Loving Your Heart
By: Nellie Chinyanta
“Help, I can’t breathe” Looking up at the cardiac monitor, I noticed my patient who thus far had a normal heart rate and respiratory pattern was now displaying ominous heart rhythms. When I arrived in the patient’s room, his lips were blue and he was trying to jump out of bed. “I’m going down y’all, this is it, I am dying”. Within less than a minute there was a crew of at least 10 medical personnel all trying to calm the patient down and understand his sudden change in health status. All of a sudden, the patient fell back onto his bed, and the monitor displayed a straight line. He was now in asystole. His heart had stopped. As the medical team worked tirelessly to perform Cardiopulmonary Resuscitation (CPR), the seconds turned minutes and the patient remained pulseless.
The Center for disease control reports that 21, 601 Americans die from HIV related deaths every year (www.cdc.gov/hiv). This number is significantly lower than the 50, 000 deaths reported in 1996. The HIV/Aids pandemic led to a worldwide campaign directed at HIV awareness, prevention and management. Further, researchers and pharmaceutical companies worldwide have invested large sums of money in pursuit of a cure for this disease. The decrease in the number of deaths is directly related to an increased awareness of preventive practices and management of HIV and HIV related infections.
The mortality rate of HIV infected individuals is alarming and frightening. However, there is a disease that claims more lives every year. An average of 600,000 Americans die every year from heart related complications (www.cdc.gov/heartdisease). While both of these diseases are incurable, prevention and management awareness are the keys to healthier, longer lives of infected individuals. The goal of this essay is to outline basic approaches to achieving a healthy heart and consequentially a healthier and longer life.
Many people are aware of some of the most basic ways to promote and maintain heart health. These include dietary management, exercise and stress management. However, there is not enough emphasis placed on what food is considered healthy, what exercises promote heart health and other lifestyle choices that can lead to a healthy heart.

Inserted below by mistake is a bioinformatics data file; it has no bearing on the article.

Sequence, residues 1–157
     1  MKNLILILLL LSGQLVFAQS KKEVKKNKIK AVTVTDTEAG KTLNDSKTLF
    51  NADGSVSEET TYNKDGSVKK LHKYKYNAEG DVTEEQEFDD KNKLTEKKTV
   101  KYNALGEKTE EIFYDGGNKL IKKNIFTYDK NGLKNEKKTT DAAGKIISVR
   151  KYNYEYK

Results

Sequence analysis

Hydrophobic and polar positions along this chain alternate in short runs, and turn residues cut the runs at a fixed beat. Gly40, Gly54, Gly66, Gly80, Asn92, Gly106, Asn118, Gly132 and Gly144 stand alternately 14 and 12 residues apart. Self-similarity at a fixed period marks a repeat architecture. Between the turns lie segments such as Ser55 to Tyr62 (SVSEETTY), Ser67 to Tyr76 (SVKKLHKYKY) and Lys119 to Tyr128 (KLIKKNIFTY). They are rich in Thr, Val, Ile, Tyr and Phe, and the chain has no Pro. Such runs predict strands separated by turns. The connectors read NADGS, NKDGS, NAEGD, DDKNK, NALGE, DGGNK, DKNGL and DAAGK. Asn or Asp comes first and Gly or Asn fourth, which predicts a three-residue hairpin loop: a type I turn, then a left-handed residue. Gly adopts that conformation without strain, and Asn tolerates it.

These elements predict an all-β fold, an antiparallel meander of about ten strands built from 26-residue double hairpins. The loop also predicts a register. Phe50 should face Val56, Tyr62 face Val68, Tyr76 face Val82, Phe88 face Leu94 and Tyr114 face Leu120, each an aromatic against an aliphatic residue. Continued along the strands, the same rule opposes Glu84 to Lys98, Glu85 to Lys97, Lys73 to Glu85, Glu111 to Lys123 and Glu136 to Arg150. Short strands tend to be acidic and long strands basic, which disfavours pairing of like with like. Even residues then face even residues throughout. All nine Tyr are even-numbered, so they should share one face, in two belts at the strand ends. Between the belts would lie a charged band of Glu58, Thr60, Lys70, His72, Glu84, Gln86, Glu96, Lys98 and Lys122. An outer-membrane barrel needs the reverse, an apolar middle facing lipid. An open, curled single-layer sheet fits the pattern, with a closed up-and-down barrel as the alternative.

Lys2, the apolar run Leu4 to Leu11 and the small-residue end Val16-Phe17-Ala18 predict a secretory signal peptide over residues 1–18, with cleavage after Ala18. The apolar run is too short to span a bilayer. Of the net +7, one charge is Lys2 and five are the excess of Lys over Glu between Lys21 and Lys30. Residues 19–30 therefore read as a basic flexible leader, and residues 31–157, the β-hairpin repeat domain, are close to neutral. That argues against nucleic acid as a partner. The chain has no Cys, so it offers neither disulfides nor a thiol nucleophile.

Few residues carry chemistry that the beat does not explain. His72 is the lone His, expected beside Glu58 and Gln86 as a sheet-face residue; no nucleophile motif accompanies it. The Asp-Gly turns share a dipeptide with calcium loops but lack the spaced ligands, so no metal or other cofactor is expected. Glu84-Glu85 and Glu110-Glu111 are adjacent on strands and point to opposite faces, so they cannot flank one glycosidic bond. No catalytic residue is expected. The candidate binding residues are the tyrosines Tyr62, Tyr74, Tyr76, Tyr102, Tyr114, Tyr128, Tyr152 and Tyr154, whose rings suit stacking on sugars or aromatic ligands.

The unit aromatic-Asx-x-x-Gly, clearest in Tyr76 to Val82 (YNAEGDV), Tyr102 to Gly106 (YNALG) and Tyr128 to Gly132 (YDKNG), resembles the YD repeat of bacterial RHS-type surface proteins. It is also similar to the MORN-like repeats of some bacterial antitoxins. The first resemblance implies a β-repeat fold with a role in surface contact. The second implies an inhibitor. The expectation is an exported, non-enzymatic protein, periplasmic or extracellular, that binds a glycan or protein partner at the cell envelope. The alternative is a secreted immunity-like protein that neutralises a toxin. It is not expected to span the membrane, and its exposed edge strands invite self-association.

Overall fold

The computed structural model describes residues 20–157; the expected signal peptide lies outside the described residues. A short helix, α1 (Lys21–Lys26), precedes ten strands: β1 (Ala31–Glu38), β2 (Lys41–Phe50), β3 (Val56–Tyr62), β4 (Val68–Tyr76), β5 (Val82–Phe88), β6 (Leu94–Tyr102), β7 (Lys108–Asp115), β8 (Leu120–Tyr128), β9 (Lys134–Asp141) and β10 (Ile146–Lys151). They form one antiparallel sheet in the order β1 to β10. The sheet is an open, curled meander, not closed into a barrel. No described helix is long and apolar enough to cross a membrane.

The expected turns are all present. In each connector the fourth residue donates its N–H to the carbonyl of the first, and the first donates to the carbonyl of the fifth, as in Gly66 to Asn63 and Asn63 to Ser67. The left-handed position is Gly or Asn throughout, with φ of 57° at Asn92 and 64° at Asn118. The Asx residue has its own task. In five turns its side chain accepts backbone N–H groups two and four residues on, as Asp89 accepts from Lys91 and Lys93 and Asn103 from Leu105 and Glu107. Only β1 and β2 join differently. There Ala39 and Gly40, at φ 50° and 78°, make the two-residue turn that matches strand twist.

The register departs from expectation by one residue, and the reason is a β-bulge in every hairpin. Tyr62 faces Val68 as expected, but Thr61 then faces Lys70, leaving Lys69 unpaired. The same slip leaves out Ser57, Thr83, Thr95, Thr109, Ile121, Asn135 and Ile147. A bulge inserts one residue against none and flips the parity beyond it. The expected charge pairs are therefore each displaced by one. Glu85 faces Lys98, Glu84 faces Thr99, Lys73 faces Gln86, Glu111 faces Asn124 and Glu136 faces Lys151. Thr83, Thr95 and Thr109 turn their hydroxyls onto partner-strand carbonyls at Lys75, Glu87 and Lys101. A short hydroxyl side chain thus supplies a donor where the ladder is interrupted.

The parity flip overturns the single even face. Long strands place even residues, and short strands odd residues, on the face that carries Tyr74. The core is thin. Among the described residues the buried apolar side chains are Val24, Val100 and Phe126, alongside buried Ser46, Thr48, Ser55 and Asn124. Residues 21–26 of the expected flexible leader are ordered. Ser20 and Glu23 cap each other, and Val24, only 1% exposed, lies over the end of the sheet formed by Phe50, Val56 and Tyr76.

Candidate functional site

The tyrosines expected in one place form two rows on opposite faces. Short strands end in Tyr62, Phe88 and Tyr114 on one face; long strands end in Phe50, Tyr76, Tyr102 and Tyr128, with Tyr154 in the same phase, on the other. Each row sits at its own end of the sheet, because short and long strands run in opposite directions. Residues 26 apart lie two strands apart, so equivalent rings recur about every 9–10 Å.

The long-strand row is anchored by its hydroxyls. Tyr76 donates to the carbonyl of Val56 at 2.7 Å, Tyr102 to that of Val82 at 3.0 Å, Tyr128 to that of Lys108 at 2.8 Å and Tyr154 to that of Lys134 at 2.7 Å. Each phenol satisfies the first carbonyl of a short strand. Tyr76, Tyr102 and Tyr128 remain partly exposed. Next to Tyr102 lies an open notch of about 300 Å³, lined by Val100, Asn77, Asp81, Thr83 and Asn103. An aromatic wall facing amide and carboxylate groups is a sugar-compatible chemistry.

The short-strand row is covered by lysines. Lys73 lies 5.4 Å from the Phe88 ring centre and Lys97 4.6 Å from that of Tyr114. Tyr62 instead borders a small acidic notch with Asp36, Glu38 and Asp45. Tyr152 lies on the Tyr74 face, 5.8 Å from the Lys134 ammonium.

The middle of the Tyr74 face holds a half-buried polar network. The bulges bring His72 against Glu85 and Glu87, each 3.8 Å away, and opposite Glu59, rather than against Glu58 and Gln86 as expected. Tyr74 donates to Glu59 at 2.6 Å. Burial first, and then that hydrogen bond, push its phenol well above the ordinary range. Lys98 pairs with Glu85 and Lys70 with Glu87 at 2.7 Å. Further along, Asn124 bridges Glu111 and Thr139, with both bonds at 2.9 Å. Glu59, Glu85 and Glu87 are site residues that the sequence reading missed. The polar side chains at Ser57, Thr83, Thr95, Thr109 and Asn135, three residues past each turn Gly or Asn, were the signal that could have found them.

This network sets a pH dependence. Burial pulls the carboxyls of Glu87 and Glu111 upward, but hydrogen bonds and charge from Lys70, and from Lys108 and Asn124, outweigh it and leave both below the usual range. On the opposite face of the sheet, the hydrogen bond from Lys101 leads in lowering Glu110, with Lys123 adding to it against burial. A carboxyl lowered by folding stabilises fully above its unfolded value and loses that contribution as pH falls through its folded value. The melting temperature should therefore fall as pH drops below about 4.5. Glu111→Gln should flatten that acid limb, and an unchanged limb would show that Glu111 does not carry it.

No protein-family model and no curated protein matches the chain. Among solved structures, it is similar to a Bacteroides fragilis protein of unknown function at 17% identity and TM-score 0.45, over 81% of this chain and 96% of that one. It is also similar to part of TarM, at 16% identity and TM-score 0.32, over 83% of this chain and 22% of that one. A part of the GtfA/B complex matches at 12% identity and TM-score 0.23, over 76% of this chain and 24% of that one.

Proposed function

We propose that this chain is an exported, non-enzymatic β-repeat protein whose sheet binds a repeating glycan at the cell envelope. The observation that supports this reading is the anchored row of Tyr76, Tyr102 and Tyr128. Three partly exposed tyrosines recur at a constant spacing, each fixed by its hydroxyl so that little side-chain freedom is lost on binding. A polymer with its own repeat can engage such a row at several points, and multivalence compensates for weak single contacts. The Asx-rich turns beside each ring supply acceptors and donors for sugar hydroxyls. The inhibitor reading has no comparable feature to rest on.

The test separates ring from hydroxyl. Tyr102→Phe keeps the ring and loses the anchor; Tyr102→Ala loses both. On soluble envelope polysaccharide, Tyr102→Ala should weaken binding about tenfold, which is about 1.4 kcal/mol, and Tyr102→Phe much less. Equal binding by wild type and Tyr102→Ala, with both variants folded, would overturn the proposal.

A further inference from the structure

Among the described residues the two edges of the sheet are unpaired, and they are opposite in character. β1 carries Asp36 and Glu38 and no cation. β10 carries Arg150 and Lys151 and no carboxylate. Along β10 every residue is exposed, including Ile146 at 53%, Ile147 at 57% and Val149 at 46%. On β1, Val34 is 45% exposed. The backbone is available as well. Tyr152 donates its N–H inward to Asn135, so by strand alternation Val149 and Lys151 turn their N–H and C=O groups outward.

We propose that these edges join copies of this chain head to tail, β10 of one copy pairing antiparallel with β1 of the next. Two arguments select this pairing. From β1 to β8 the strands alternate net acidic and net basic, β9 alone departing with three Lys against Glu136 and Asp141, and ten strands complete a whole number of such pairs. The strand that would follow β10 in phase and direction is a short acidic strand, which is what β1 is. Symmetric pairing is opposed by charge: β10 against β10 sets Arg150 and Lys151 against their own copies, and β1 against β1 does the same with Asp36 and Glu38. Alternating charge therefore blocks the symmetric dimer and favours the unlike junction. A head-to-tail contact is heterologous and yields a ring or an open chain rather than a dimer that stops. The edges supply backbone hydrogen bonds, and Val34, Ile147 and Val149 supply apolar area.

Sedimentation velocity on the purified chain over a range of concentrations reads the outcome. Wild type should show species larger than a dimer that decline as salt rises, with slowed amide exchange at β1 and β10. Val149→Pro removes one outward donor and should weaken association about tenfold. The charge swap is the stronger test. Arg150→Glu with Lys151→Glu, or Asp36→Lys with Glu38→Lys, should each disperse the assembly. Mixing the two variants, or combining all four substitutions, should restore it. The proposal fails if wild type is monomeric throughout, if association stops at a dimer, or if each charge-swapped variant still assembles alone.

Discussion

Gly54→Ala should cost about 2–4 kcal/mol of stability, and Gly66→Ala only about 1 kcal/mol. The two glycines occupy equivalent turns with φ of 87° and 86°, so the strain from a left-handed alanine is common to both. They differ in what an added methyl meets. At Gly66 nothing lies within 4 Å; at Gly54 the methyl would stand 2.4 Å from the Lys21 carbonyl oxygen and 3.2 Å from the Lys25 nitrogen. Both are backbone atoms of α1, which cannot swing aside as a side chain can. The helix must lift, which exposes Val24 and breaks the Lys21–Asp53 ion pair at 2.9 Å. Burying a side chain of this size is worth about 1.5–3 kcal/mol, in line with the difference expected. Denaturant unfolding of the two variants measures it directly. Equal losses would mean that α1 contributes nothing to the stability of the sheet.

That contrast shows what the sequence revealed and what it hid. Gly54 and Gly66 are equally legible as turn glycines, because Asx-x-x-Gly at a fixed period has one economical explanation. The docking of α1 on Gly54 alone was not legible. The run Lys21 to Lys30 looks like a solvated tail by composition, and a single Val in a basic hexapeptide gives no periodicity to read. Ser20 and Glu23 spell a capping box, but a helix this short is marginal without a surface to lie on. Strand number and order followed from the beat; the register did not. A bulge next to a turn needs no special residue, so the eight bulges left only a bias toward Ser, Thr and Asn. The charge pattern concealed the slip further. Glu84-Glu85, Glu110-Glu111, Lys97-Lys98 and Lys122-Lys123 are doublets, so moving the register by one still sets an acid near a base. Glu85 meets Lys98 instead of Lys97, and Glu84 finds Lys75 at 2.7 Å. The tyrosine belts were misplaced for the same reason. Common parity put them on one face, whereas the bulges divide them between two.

While smaller portions are central in dietary management, the content of these portions is crucial to heart health. Experts recommend eating food low in saturated fats, cholesterol and sodium. These foods include fried foods, processed foods including canned, dried, smoked and pickled foods. Recommended foods include natural foods such as fresh fruit and vegetables and white meats such as chicken, turkey and fish as alternatives to beef, pork and other red meats. Also using less salt and spices in food preparation and utilizing alternate methods of food preparation such as boiling, steaming and broiling. These dietary modifications can lead to a healthier heart and healthier more fulfilling lifestyle.
Also the CDC recommends maintaining a healthy weight. A healthy weight is generally defined as one that is within the confines of a calculated body mass index (BMI). However, it is recommended that one consults a medical professional for a personalized assessment and weight recommendation. While the BMI is a fixed result, the ideal BMI for an individual is influenced by factors such as preexisting health conditions, age, race and sex.
The next recommendation is regular exercise. While all exercise is good exercise some that are more targeted to the heart have a better and longer lasting effect on health. The general recommendation is an average of 30 minutes of moderate to vigorous activity at least 5 days a week.
Heart health is heavily dependent on the everyday activities of an individual. While the above listed suggestions are beneficial, they work as part of a generally healthy lifestyle. A healthy lifestyle can be characterized by a variety of individual factors. However the following are some healthy habits to maintain.
Firstly, no tobacco, this includes cigarettes and chewing tobacco. In the same vein, the amount of caffeine consumed should be closely monitored. Caffeine causes an increase in heart rate and can cause fatigue of the heart muscle. Thus the consumption of regular coffee and soda pop should be limited if not completely eliminated from the diet.
Engaging in physical activity such as choosing to use the stairs instead of the elevator, walking instead of driving short distances and regular exercise are all healthy practices. In addition, limiting sedentary activity such as sitting in front of the television or computer for extended periods of time is an important part of a healthy heart routine. Lastly, sleeping at least 7 hours a night, managing stress levels, keeping abreast with heart related physician recommendations, regular health maintenance visits with a primary physician and taking any recommended or prescribed vitamins and medications can lead to a healthy mind, heart and life.
A healthy heart is possible, not everyone has to experience the pain, medical expenses, and even death related to heart disease. That day I learned from the death of my patient that while the heart is a small part of our anatomy without it we are nothing. Even the best medical professionals and medications cannot restart a heart that has been burdened by high cholesterol, tobacco, alcohol, inactivity and neglect.